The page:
After a bit of a break from the volatility and uncertainty, markets tried to get some momentum in the pre-budget sessions. However, the process was hampered by the anti-market budget and contributed only to worsen the wounds. Markets fished to even lower levels in March and breached the 17,000 mark to reach 16,400. It is still not clear whether the markets are bottomed out or, worse, the bleeding is still on.
In this whole bear run, the sector that saw its worst days in the last few years was the power sector. The big names got down to earth, with their share prices dipping. Even the long term investors started a selling spree in the sector. This started with the much haloed Reliance Power initial public offering (IPO), which proved to be one of the worst IPO in the financial year, and simply the worst in the Reliance pack. Reliance Power tanked on debut, a huge disappointment to investors after their frenzy to be a part of India’s biggest initial public offering, which had seen the $3 billion issue fully subscribed in less than one minute. To appease investors, Ambani announced a special bonus issue for Reliance Power shareholders other than the founders, which included Reliance Energy. Reliance Power’s shares, which had fallen by a quarter in a few days after listing, climbed back to the IPO price of Rs. 450, but the stock has again fallen and closed at 376.25.
The prices of Anil Dhirubhai Ambani Group (ADAG) shares, which were the most profitable ones in year 2007, giving 200% return on an average, were the worst performers on the bourses. This proved that market is the best equalizer. Reliance Energy Ltd, the sister concern company of Reliance Power, on Wednesday said that it would buy back up to $500 million worth of shares at a premium of up to 9.6% to the market price, which it said would counter a perceived undervaluation. Reliance Energy, part of the Anil Dhirubhai Ambani Group (ADAG), said that it would pay Rs. 1,600 per share in the two-tranche buy-back, which it said should reduce volatility of the share price. The company would spend Rs. 8 billion ($200 million) in the first phase and Rs. 12 billion in the second phase for the buy-back. Anil Ambani, his family members and investment firms together hold 34.68% in Reliance Energy, according to data from the Bombay Stock Exchange.At Rs. 1,600 each, that would equal 12.5 million shares in total. Reliance Energy has 236.5 million shares on issue, according to the Bombay Stock Exchange. Reliance Energy said the offer reflected management confidence in the company, and sent a strong signal to markets on the share’s perceived undervaluation. Reliance Energy, valued at about $9 billion, was the top performer in India’s main stock index in 2007, when its share price quadrupled. But its shares have fallen 31.6% so far this year, more than the BSE index’s 18.5% drop, and are down 44.5% from a record high of 2,631.70 rupees hit on January 10.Analysts had said the buy-back might have been aimed at restoring some shine to ADAG companies, after a dismal stock market debut of the much-hyped Reliance Power Ltd last month, as it awaits approval to list another telecommunication unit. But on all the measures taken by ADAG, analysts feel that it might not have a significant impact on the stock price as the current market outlook is not good. Reliance Energy, which has transferred its future power projects to Reliance Power, trades at about 38 times its one year forecast earnings, against 20 times for NTPC Ltd, which generates a quarter of India’s power. On the other hand, rival Tata Power’s shares trade at a multiple of 42, and shares in Reliance Industries Ltd, India’s largest listed company, trade more than 23 times their forward earnings, according to Reuter’s data. This means that still it’s not cheap on the Price Earning (PE) basis and so still has space for bottoming out.In conditions when the state run Rural Electrification Corporation (REC) is about to be listed and ADAG is coming out with lot many plans to boost its energy units, the positions are expected to go up. Government is also giving incentives and waivers to the infrastructure sector in which power enjoys a major pie. So in the scenario, it will be interesting to see how the power sector performs in the coming days.Saurabh Sharma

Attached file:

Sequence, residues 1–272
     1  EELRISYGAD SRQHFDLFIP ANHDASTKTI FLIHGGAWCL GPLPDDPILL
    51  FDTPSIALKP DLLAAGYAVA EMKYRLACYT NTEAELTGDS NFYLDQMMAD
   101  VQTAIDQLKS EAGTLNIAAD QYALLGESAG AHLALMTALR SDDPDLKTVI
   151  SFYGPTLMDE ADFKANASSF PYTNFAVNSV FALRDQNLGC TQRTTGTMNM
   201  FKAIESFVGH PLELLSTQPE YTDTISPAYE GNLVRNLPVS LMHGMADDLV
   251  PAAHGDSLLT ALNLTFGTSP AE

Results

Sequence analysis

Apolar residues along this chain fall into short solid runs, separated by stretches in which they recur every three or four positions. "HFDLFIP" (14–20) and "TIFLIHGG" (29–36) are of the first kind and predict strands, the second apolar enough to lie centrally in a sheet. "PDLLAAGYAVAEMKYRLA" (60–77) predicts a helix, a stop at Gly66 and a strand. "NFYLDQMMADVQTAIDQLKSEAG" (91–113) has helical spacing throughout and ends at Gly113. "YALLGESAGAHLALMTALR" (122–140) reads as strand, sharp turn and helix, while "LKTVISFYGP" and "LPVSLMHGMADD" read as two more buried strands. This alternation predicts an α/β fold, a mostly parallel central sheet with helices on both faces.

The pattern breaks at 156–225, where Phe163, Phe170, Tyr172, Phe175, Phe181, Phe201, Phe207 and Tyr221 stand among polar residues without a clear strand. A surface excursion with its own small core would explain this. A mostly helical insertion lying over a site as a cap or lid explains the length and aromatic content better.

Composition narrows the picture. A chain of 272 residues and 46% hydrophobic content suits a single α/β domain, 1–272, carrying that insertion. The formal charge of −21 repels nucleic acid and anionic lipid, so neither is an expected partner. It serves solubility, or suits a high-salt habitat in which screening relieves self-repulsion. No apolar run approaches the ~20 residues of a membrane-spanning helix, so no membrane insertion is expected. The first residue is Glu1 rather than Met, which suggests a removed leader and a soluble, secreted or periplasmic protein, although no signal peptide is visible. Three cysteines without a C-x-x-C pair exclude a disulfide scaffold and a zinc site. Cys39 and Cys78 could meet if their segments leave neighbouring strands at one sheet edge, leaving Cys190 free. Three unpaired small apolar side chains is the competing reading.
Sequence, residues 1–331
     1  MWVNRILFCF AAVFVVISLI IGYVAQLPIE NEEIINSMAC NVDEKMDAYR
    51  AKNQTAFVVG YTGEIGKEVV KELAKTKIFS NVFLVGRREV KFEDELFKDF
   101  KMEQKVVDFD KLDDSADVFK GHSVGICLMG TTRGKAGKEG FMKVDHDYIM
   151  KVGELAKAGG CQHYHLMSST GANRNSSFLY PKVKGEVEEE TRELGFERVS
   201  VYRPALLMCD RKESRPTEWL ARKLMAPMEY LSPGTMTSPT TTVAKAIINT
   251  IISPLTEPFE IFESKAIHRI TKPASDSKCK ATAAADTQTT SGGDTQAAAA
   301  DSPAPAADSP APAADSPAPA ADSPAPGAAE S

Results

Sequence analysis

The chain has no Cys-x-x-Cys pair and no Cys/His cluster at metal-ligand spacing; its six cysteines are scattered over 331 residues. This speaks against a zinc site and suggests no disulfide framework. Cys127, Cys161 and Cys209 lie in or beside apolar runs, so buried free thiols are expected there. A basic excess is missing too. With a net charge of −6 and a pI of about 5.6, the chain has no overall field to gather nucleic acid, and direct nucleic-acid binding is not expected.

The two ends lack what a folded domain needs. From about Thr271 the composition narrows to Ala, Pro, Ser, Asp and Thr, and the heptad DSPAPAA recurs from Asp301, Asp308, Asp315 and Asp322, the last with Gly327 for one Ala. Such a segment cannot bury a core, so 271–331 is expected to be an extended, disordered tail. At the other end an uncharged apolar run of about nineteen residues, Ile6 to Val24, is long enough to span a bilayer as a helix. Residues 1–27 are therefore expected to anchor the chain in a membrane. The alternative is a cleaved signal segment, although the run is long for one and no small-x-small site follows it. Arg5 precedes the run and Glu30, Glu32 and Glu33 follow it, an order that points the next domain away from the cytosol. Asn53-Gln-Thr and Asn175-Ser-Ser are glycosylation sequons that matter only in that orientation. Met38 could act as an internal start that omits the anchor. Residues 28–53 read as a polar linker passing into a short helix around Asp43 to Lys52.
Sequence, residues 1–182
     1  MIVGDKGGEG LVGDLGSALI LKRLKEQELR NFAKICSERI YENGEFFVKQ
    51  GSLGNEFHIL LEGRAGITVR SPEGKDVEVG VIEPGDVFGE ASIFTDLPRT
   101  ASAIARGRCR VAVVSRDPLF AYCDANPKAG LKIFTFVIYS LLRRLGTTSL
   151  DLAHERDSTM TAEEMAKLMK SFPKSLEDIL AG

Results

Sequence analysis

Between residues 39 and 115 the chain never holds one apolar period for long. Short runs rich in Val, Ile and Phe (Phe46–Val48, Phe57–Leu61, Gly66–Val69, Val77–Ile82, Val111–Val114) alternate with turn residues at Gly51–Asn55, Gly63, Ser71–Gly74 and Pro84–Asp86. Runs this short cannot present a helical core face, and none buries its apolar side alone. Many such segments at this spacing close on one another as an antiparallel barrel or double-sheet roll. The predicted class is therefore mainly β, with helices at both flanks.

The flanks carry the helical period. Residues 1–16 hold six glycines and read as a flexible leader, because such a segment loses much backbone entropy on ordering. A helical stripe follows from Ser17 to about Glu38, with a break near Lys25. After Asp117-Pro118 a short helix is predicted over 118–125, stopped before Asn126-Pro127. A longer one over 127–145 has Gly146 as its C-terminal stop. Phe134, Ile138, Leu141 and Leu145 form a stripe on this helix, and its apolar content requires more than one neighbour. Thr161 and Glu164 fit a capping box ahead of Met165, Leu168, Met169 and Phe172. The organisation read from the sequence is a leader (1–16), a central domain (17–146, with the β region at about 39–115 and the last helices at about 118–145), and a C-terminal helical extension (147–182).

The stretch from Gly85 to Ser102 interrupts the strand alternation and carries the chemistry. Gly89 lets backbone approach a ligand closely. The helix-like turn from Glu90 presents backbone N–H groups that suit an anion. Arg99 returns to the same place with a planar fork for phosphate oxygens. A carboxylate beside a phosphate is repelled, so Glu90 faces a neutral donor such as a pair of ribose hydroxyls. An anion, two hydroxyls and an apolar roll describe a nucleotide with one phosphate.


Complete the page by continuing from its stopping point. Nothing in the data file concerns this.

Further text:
[Image courtesy: http://www.flickr.com/photos/walter_rw/728933695/]